Having grown up in Massachusetts, I never bought into the idea that the state was that much more liberal than most others. The dominant media there is not the center-left Boston Globe but the right and far-right talk radio shows that pervade the Bay State as they do the rest of the country.
Beyond the usual right-wing standard-bearers like Rush Limbaugh and Sean Hannity, there are home-grown shock jocks like Howie Carr, who delights his audiences with slurs about Hispanic immigrants and jokes about African-American rappers.
The two idiots who baited Hillary Clinton before the 2008 New Hampshire primary with the chant “iron my shirts” were affiliated with Boston’s WBCN, which once was a leading progressive anti-war station (the original home of Danny Schecter “the news dissector”) before it was sold off and evolved into just another source of loud and obnoxious talk.
So, why should it be such a surprise that a guy like Scott Brown, who played to that jock-like mentality, would catch the fancy of many Bay Staters? Especially given the inchoate anger of people who are suffering from a wretched economy and who can take some perverse pleasure in punishing someone like Martha Coakley, who slipped up on where Curt Schilling stood on the Red Sox-Yankees rivalry.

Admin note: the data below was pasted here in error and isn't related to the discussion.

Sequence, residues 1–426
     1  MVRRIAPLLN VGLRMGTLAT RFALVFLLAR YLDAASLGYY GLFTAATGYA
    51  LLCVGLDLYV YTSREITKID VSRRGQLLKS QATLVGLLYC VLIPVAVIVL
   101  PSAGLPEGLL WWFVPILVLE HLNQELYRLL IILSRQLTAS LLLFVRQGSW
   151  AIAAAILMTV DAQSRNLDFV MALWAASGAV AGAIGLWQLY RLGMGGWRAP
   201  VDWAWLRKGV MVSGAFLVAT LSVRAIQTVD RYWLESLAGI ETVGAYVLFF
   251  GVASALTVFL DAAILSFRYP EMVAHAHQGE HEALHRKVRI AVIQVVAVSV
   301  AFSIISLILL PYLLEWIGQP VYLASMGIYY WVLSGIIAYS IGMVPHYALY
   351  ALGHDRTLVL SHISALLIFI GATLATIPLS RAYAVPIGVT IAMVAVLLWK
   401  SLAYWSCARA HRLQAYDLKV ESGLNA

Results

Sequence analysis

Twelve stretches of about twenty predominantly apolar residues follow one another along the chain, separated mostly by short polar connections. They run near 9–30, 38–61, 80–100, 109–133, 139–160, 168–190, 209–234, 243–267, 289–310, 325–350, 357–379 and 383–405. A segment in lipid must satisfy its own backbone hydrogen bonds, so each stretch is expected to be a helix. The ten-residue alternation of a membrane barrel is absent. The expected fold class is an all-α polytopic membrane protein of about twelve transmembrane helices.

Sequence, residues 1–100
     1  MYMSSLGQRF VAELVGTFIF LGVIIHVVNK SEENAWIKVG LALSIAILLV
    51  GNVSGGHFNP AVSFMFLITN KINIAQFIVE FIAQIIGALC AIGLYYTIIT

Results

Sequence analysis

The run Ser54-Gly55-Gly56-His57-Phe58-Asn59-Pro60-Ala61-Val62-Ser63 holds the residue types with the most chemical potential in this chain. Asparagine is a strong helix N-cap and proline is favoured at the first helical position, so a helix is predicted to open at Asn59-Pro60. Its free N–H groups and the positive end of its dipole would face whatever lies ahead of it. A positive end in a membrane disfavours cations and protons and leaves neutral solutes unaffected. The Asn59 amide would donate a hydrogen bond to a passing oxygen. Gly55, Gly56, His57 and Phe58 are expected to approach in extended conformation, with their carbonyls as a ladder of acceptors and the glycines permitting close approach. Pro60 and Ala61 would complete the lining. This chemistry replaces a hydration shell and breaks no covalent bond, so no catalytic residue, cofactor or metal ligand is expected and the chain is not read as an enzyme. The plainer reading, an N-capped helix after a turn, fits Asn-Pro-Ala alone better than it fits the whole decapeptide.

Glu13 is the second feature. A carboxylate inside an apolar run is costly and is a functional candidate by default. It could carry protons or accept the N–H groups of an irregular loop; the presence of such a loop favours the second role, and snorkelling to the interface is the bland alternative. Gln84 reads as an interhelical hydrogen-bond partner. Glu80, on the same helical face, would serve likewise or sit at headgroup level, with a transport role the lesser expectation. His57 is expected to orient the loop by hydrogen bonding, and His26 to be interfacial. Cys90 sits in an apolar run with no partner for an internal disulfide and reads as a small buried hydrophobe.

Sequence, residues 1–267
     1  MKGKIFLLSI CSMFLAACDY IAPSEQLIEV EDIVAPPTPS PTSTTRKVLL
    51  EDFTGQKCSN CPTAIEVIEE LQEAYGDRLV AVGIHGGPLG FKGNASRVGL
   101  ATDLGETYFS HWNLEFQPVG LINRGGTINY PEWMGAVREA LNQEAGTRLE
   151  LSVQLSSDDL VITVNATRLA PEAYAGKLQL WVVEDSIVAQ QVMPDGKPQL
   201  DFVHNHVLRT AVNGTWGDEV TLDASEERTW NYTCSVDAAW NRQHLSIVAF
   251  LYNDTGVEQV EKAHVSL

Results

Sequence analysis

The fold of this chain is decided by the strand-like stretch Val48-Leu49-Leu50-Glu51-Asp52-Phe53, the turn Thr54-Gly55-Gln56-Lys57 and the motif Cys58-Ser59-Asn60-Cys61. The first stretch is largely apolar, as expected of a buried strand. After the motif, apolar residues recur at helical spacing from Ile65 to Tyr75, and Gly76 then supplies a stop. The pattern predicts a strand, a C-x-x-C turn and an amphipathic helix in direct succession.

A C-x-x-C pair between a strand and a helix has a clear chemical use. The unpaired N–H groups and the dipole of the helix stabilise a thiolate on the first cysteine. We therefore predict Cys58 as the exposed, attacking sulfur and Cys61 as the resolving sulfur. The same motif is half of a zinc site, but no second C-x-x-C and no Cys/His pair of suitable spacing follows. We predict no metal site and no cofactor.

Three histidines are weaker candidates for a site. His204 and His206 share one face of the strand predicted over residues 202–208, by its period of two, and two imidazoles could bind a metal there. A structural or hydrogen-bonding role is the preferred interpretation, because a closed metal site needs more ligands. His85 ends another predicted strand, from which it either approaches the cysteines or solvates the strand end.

Still, ever since Tuesday night – the latest Massachusetts “shot heard round the world” – politicians and pundits have been analyzing what the voters’ message was. According to the dominant analysis, the voters of Massachusetts were “sending a message” to Washington about bipartisanship.
That’s what Senate Majority Leader Harry Reid heard. ”The American people want us to work together,” he said. And he was not alone in hearing a call for greater cooperation on the tough issues facing the United States.
However, if that was the intended message from Massachusetts voters, it was a message of stupid.
The last thing that the election of Scott Brown will do is to get the Republicans to be more cooperative with President Barack Obama and the Democrats. Indeed, now that the Republicans have tasted blood – realizing that their strategy of obstruction is paying off – there is absolutely no political reason why they should make any meaningful compromises.
In other words, the logical result of the Brown election will be more Washington gridlock, which GOP leaders think will give them a powerful campaign theme about Democratic ineptness and failure. That, in turn, will likely mean a major Republican sweep in November’s congressional elections and thus more gridlock as the Republicans seek to ensure that Obama is a one-termer.